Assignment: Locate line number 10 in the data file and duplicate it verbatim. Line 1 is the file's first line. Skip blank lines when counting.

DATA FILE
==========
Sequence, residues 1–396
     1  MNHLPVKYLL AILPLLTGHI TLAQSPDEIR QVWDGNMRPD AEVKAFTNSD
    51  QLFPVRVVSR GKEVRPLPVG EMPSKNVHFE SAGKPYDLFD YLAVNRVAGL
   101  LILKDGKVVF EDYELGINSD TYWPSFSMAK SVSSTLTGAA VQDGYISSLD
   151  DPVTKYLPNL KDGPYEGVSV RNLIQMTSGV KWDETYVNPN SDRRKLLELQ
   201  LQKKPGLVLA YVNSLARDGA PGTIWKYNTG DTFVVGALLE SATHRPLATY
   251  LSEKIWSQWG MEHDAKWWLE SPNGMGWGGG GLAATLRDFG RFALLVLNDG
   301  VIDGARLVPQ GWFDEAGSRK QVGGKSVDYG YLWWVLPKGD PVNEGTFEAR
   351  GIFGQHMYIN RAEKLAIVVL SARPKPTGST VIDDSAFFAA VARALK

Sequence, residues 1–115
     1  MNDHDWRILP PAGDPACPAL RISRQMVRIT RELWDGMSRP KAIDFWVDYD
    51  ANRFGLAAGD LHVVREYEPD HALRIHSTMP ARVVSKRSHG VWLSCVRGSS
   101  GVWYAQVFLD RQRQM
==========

Sequence, residues 1–115